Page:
Much Ado About Nothing

Much Ado About Nothing is a regularly performed but seldom studied Shakespeare comedy, written and performed in 1598 and first printed in 1600. Its chief sources are Book V of Ariosto's Orlando Furioso and a novella by Bandello. We find ourselves in the court of the governor of Messina - Leonato - who is father of hero and uncle of Beatrice. The prince of Arragon comes to visit Leonato with his troublesome brother Don John and his friend Claudio. The main plot is the story of Claudio's courtship of Hero which is ruined by the intervention of Don John and his scheming. The matter is complicated considerably by the apparent death of Hero. Meanwhile, in the more famous subplot, we see Beatrice and Benedick begin to fall in love despite their perpetual battle of wits where they swear hatred of each other. The two plots intertwine with the duel between Benedick and Claudio. Further there are the two comic local constables, Dogberry and Verges, still to consider as they roll in to expose the plotting of Don John and Borachio. With the unveiling of a mysterious lady comes the inevitable reconciliation and sprightly dance. The play is best known and best appreciated for its comic wordplay, unmaskings and minor characters than for its largely forgettable main plot.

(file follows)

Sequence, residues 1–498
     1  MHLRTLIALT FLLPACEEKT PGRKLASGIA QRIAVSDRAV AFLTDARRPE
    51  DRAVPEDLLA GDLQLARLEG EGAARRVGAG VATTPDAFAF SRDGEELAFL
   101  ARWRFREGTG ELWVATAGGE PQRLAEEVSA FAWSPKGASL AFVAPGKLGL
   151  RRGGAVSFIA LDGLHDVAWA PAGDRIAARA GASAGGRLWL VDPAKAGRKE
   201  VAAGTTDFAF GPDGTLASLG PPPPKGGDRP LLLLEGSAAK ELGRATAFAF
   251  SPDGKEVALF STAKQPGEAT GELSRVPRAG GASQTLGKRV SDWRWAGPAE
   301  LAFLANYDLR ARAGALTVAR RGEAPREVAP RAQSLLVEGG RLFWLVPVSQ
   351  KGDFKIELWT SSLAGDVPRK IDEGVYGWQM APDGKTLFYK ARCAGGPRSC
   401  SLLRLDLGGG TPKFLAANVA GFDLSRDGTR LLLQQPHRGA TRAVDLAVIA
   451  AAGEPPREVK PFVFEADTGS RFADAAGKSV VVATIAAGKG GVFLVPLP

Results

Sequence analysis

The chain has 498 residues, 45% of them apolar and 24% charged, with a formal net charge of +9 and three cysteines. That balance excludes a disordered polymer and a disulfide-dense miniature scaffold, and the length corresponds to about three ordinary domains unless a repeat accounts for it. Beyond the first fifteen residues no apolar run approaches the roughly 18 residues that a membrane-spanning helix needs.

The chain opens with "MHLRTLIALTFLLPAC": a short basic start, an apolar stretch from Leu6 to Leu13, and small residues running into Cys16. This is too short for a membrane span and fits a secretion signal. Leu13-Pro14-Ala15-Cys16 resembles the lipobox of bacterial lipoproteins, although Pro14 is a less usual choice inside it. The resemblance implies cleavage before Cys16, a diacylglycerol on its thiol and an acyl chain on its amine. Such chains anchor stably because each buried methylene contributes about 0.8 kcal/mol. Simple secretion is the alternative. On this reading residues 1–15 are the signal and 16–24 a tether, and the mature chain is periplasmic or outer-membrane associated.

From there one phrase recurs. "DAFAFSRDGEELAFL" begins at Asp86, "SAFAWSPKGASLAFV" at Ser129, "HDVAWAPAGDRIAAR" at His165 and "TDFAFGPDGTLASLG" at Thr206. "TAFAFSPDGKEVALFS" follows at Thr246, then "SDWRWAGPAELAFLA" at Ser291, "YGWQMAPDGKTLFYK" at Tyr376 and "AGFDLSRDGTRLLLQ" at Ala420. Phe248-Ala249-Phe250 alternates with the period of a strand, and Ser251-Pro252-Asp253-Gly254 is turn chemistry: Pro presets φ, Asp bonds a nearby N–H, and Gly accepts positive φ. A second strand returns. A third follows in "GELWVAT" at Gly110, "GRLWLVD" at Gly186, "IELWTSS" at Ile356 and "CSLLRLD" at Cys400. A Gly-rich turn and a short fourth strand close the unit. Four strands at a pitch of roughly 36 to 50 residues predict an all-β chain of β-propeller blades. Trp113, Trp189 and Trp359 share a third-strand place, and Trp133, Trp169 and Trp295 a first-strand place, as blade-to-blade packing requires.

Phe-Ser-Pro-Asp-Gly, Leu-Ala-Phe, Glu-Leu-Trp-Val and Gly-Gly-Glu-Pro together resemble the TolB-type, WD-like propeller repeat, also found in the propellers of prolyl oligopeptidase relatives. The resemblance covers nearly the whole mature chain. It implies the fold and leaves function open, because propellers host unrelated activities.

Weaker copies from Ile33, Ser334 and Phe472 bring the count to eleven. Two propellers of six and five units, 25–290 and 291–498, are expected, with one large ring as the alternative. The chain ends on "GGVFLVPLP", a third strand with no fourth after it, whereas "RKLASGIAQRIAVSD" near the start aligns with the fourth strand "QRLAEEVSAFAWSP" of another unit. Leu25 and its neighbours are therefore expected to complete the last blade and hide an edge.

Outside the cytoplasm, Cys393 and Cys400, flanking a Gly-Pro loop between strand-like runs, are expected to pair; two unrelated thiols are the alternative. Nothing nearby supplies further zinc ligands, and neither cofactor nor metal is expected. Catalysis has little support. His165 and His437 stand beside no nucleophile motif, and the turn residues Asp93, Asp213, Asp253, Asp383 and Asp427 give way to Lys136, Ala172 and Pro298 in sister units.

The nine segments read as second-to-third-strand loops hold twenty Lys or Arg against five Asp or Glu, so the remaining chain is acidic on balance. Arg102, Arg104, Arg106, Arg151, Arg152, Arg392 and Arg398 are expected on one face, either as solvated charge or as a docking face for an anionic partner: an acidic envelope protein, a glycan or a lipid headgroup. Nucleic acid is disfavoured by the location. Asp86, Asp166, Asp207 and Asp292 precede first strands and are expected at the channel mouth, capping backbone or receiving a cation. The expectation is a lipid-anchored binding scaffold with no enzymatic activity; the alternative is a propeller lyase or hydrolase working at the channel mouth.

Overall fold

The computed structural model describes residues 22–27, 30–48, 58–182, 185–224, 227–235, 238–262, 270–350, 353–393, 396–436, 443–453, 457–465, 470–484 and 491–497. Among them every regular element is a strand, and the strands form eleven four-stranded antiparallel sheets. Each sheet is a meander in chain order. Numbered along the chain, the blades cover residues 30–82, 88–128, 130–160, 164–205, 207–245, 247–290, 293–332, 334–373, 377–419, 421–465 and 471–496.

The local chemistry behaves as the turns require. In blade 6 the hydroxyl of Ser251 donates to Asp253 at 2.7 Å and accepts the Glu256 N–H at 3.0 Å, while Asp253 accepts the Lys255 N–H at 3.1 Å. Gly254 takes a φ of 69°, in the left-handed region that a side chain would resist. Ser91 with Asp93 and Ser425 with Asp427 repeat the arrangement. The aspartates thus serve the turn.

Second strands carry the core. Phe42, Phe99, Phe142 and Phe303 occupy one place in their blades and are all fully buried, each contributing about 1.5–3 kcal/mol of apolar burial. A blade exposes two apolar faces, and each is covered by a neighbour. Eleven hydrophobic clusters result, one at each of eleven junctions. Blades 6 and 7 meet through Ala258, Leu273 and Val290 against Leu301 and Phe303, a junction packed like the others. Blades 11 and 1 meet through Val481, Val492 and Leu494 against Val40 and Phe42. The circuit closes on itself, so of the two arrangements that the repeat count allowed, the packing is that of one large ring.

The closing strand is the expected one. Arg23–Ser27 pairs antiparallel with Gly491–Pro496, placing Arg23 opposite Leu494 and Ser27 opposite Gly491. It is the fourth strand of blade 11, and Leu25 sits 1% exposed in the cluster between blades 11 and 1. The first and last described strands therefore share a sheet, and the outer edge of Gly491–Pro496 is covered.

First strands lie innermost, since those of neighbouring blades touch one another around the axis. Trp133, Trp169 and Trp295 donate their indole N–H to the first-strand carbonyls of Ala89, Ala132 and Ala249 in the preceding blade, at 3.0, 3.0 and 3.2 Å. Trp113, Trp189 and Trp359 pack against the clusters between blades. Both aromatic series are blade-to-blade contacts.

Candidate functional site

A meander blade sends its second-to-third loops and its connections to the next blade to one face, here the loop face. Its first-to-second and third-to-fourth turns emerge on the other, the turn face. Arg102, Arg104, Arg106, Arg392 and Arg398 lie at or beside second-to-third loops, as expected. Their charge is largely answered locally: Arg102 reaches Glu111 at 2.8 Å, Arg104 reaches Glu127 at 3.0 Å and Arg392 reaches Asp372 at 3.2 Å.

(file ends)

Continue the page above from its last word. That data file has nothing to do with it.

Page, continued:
Table of contents
Dramatis Personae.
Act 1
Scene 1. Before LEONATO'S house.
Scene 2. A room in LEONATO's house.
Scene 3. The same.
Act 2
Scene 1. A hall in LEONATO'S house.
Scene 2. The same.
Scene 3. LEONATO'S orchard.
Act 3
Scene 1. LEONATO'S garden.
Scene 2. A room in LEONATO'S house
Scene 3. A street.
Scene 4. HERO's apartment.
Scene 5. Another room in LEONATO'S house.
Act 4
Scene 1. A church.
Scene 2. A prison.
Act 5
Scene 1. Before LEONATO'S house.
Scene 2. LEONATO'S garden.
Scene 3. A church.
Scene 4. A room in LEONATO'S house.

  By PanEris using Melati.

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